Safety Against the Odds

Despite its futuristic arsenal and high-stakes missions, the United States Air Force had a safety record in 2009 that approached perfection. The truth is, zero accidents is precisely the goal.

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The F-22 is the world's most advanced fighter.U.S. Air Force
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This HH-1 Huey wreckage is used for training in the U.S. Air Force Aircraft Mishap Investigation Course and International Flight Safety Officer Course.U.S. Air Force
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Flying's Robert Goyer (far right) is welcomed at the Safety Center by (l-r) Lt. Col./Dr. Karen Heupel, chief of human factors; Maj. Gen. Frederick F. Roggero, chief of safety; and Col. Sid Mayeux, chief of aviation safety.U.S. Air Force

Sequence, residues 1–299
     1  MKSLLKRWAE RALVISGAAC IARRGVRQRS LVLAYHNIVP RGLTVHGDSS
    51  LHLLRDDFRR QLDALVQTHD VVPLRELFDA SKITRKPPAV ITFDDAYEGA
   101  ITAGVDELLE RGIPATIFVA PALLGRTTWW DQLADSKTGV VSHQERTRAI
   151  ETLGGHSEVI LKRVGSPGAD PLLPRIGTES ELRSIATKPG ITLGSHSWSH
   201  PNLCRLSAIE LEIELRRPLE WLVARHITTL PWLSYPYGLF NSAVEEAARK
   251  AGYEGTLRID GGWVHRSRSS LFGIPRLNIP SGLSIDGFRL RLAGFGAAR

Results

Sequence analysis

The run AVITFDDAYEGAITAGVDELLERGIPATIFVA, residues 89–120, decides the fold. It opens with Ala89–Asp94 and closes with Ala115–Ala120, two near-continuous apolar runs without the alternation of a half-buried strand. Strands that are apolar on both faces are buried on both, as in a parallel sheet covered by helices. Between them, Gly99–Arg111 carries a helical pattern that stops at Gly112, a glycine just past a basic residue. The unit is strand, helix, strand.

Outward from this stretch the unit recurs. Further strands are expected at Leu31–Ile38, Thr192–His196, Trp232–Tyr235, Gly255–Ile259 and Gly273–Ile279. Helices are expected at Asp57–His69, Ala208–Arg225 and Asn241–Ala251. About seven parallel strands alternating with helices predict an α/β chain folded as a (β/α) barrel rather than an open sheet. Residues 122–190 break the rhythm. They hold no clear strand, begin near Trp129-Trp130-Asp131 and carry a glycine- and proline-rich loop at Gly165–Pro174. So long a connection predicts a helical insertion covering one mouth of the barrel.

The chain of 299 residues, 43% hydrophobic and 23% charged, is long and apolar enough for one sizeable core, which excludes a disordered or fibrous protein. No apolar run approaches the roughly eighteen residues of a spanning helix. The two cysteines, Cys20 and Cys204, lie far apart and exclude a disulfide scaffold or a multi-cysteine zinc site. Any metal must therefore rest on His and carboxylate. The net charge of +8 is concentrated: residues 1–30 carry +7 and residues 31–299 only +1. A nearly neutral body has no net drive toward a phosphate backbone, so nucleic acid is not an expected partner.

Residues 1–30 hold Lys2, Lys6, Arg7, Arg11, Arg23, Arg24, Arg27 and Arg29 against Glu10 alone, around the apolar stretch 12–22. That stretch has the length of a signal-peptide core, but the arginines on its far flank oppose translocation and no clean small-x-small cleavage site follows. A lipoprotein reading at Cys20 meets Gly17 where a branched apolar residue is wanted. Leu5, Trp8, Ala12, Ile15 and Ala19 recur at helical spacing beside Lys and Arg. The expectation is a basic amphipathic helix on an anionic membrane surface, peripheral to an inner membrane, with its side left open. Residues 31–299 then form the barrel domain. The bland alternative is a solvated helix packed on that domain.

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The BASH programs help reduce bird-strike risk.
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This older F-16 canopy remained intact but still bowed inward from abird strike. New F-16 canopies withstand 500-plus-knot impacts with 4-pound birds.U.S. Air Force
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International Flight Safety Officer students inspect a T-38 wing for pre-impact damage.U.S. Air Force
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International Flight Safety Officer students inspect A-10 wreckage for causal evidence.U.S. Air Force
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Capt. Aaron Reid of the 333rd Fighter Squadron (right) explains to Maj. Gen. Frederick F. Roggero what to look for during a preflight inspection.U.S. Air Force